"I was always going to wonder what it was going to be like to put on a Major League uniform, and it feels great," Russell said.
Oakland manager Bob Melvin said he was looking forward to meeting the first-rounder. Melvin recalled when the Orioles did the same thing after drafting him out of high school -- in fact, Baltimore was playing at the A's, meaning Melvin took batting practice at the Coliseum, just like Russell.
"It's always a nice little feather to be able to come up to the big league team and take batting practice," Melvin said. "That was quite a thrill. I know what he's going to be going through today."
Russell had a college commitment to Auburn, but the 18-year-old said the opportunity to play in the Majors was just too much to turn down for him and his family. As a teenager, Russell often had to take care of three younger siblings until his parents got home from work at night. As a result, Scott Boras, Russell's agent, said the shortstop has a level of maturity that most others his age don't have. That should serve him well as he begins his professional career.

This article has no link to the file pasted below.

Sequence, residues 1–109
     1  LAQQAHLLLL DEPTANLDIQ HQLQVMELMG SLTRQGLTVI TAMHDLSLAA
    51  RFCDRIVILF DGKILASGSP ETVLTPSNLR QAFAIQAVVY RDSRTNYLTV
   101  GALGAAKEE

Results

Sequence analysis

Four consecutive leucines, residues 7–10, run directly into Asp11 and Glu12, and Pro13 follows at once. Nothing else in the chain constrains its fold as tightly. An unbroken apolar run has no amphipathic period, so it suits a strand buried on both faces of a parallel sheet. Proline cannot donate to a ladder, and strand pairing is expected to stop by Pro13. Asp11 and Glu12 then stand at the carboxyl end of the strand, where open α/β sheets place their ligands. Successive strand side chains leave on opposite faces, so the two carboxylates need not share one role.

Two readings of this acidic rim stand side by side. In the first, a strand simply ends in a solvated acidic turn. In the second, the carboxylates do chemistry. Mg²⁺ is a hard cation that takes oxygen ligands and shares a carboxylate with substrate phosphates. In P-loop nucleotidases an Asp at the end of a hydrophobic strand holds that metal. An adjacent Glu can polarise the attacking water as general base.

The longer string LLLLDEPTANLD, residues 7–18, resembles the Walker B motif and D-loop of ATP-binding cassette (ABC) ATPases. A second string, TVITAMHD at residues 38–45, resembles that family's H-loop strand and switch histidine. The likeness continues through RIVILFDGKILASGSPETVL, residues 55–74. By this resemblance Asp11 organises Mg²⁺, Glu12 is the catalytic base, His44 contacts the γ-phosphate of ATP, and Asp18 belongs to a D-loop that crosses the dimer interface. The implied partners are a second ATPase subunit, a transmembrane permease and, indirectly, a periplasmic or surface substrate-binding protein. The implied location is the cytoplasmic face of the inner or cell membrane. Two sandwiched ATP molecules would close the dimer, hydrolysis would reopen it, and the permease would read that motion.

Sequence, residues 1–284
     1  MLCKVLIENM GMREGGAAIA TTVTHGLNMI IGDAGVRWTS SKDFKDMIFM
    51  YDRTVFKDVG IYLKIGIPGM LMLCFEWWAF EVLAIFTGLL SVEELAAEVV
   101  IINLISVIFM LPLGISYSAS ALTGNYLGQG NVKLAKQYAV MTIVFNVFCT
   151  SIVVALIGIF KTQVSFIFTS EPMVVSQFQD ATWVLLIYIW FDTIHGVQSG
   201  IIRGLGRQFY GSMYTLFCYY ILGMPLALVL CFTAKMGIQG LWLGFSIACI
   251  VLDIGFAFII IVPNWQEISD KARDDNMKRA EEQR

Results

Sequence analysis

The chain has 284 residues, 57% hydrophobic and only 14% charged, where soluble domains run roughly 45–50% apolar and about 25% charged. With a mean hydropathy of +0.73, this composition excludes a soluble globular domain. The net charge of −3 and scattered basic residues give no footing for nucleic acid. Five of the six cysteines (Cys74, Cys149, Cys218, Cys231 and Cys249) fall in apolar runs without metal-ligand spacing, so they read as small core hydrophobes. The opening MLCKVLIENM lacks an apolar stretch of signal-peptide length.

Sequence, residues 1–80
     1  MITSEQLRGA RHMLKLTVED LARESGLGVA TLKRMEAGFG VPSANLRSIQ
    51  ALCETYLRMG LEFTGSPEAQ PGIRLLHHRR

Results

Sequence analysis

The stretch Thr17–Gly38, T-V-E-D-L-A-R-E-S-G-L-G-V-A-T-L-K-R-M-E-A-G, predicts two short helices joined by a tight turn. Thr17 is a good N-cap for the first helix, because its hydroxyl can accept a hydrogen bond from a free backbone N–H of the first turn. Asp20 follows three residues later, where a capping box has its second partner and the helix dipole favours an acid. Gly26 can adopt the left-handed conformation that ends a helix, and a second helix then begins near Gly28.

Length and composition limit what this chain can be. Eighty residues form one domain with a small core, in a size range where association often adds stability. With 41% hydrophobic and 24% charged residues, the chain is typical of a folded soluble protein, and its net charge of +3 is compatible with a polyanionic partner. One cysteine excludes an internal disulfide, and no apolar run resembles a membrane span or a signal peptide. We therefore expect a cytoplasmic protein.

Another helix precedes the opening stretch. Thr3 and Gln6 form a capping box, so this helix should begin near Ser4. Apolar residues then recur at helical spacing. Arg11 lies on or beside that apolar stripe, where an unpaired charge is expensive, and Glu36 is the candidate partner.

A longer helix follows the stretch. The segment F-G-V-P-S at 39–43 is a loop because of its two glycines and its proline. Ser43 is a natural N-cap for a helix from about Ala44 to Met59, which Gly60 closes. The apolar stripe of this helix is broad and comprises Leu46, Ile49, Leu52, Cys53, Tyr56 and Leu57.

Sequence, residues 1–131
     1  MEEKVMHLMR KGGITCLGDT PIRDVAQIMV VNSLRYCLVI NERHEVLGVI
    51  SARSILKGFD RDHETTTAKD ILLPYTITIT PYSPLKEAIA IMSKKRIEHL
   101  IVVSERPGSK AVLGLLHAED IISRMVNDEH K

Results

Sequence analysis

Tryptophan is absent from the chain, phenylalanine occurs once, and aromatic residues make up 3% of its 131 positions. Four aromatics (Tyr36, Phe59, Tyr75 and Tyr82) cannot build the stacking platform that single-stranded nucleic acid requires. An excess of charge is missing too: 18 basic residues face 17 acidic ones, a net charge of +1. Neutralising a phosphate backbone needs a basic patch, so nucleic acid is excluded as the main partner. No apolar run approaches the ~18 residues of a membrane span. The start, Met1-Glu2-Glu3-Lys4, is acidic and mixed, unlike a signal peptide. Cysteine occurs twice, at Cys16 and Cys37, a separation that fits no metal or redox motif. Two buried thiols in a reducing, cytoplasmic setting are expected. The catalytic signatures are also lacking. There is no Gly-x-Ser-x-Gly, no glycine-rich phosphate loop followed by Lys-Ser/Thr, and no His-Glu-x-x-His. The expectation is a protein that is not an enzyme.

"I think he knows the opportunity and knows how to take advantage of it," Boras said. "Plus, having that skill set and that character, I think he's got a great chance for success."
Ben Estes is an associate reporter for MLB.com. This story was not subject to the approval of Major League Baseball or its clubs.